By Gilian Prado
Release Date: January 31, 2012
Lush is undeniably an album filled with feminine rage. In an interview with The New Yorker, Mitski said, “I spent all my teenage years being obsessed with beauty, and I’m very resentful about it and I’m very angry…I had so much intelligence and energy and drive, and instead of using that to study more, or instead of pursuing something or going out and learning about or changing the world, I directed all that fire inward, and burnt myself up.”
I think this quote is crucial to understanding what Mitski has gone through and her thought process for songwriting.
“Liquid Smooth” is the first track on Lush, and one of the strongest. The song is told through the internalized narrative of not only Mitski herself but women everywhere, the narrative that women’s value is defined by their beauty, and they are only beautiful when they are young. It starts off with a soft piano and then Mitski comes in along with some drumkit cymbals, all in a slow ballad-like tempo.
“I’m beautiful, I know cause it’s the season
But what am I to do with all this beauty?”
Here Mitski is saying she is aware of her beauty not because she feels it innately but because of her age, “the season” refers to a time in one’s life
I’m liquid-smooth, come touch me, too
And feel my skin is plump and full of life
I’m in my prime
I’m liquid-smooth, come touch me, too
I’m at my highest peak, I’m ripe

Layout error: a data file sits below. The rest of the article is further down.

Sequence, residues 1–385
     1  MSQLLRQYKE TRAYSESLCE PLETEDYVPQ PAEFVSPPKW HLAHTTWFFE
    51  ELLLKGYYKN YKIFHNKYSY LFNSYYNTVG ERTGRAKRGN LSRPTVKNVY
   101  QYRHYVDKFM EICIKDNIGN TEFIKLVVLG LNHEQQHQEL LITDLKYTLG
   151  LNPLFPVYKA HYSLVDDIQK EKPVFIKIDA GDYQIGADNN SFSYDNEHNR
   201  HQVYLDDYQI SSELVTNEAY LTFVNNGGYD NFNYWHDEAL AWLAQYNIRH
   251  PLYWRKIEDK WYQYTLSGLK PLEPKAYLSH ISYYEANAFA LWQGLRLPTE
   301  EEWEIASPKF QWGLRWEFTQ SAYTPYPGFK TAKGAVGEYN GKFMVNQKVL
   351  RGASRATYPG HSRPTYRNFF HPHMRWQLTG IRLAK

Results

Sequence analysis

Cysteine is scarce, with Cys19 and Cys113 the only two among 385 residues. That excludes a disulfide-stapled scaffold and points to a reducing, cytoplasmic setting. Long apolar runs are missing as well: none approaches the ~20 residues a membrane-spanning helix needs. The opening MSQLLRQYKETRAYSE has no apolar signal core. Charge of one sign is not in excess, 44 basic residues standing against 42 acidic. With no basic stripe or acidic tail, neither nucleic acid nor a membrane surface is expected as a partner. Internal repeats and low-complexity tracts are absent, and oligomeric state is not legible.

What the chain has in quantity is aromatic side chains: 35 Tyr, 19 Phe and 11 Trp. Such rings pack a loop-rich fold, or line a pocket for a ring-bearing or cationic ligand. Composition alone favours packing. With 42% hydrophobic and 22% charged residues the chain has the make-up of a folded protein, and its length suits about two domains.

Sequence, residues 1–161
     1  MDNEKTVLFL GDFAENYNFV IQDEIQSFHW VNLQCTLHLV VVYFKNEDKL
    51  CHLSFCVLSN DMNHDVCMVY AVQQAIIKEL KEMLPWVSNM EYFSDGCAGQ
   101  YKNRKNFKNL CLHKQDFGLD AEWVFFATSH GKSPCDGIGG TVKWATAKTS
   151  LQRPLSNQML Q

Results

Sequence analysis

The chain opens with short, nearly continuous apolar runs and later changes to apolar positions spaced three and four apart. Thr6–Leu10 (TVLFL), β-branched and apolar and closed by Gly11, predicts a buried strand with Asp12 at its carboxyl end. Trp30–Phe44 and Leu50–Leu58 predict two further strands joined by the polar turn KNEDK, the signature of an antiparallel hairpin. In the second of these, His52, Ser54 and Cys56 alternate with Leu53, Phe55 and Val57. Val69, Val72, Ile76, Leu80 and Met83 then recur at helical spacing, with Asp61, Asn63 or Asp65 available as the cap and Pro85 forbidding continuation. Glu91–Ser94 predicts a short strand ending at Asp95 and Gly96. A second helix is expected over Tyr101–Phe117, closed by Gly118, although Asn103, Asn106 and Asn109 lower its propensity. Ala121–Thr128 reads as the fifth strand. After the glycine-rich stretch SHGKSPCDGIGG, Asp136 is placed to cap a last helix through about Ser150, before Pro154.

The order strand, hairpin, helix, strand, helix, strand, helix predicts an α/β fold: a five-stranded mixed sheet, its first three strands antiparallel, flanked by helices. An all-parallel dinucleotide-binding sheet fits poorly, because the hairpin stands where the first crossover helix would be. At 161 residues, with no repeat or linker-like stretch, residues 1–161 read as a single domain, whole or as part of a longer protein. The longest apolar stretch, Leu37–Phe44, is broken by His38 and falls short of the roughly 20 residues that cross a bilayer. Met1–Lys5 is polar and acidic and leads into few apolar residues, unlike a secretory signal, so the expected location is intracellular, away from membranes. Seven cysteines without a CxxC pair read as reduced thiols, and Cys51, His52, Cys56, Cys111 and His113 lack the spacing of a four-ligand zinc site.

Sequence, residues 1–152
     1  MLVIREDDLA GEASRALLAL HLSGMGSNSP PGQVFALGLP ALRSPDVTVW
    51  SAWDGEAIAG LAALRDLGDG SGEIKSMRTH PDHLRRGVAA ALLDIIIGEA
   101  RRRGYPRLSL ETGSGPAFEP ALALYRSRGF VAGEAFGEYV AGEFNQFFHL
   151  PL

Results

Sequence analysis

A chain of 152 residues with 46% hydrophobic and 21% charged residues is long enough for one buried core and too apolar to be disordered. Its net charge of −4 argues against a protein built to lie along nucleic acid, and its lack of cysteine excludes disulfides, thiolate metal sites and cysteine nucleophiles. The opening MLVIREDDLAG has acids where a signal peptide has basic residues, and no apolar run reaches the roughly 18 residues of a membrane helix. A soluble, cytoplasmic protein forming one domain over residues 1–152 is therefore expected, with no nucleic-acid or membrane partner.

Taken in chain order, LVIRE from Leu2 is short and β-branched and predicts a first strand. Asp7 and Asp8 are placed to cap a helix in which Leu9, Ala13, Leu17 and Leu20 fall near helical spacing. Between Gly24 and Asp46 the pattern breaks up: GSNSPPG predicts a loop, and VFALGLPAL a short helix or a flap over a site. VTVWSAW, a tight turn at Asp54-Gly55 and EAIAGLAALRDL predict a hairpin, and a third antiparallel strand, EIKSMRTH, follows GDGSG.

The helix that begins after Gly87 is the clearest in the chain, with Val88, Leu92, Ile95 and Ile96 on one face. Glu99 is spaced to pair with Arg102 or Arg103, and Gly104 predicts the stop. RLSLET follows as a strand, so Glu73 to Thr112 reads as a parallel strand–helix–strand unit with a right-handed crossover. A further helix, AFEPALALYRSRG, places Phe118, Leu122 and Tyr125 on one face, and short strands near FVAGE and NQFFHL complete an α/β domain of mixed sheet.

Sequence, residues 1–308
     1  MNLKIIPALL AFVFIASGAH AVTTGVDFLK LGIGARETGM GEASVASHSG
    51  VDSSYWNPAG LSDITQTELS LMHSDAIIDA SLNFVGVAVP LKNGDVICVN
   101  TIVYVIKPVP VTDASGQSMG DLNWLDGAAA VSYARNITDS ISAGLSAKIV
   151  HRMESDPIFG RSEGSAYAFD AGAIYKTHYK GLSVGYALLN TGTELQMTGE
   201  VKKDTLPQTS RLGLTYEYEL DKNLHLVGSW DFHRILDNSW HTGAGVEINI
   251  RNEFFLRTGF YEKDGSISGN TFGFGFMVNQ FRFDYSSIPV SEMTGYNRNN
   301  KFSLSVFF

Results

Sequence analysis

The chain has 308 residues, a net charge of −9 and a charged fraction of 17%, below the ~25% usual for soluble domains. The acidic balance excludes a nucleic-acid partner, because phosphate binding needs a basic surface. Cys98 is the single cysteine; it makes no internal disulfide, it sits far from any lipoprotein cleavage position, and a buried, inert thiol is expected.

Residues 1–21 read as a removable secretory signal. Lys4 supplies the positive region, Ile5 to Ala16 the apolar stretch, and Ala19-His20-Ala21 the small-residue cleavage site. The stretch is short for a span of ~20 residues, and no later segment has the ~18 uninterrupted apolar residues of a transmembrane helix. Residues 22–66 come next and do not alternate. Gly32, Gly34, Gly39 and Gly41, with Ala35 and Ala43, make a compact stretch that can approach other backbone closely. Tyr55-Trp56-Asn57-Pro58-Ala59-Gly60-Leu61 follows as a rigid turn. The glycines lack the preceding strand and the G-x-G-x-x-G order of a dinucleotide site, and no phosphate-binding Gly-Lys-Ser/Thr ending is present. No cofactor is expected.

About to fall, capture me
Or at least take my picture ”
Now we get to the title of the track, we discover that Liquid Smooth is a reference to her “plump skin full of life” She also mentions that because she is young, she is considered in her prime, and refers to herself as “ripe”. Mitski metaphorically compared herself to ripened fruit which is traditionally symbolic of fertility, youth and vitality. When Mitski asks to be captured before she falls, that is a reference to her wanting someone to acknowledge, love and admire her beauty before it’s gone, and the potential for romantic partnership evaporates along with her beauty.
At this point in the song the intensity starts to build, her strokes on the piano become more potent, drones of stringed instruments appear, and the already present strings start increasing in volume and tempo, as well as intentional distortion blending into the background peaking ever so slightly. The drumkit seems to be gone and is replaced with a timpani that starts off soft and rapidly builds up to a cymbal crash, not unlike a classical piece of music would. Vocally as she sings the lyrics, her tone shifts from soft to pleading desperation.
“How I feel this river rushing through my veins
With nowhere else to go, it circles ’round”
It’s not coincidental that Mitski’s tone changes in the second half of the song, It seems that her knowledge of this internalized truth is driving her mad, the lyric draws similarities to the famous idiom of “blood boiling “ because of anger but instead, her blood moves in her like a river that is enclosed which makes the force of the water stronger and more overwhelming because there is no cool down, its constant.
Her frustration seems to come from the fact that she is living on a shortened timeline, and if she does not get what she wants before her beauty and youth are gone, she will be disregarded, worthless and ignored as a person. She, like many women, have been told by society that your worth is dependent on your beauty, and that the clock is always ticking.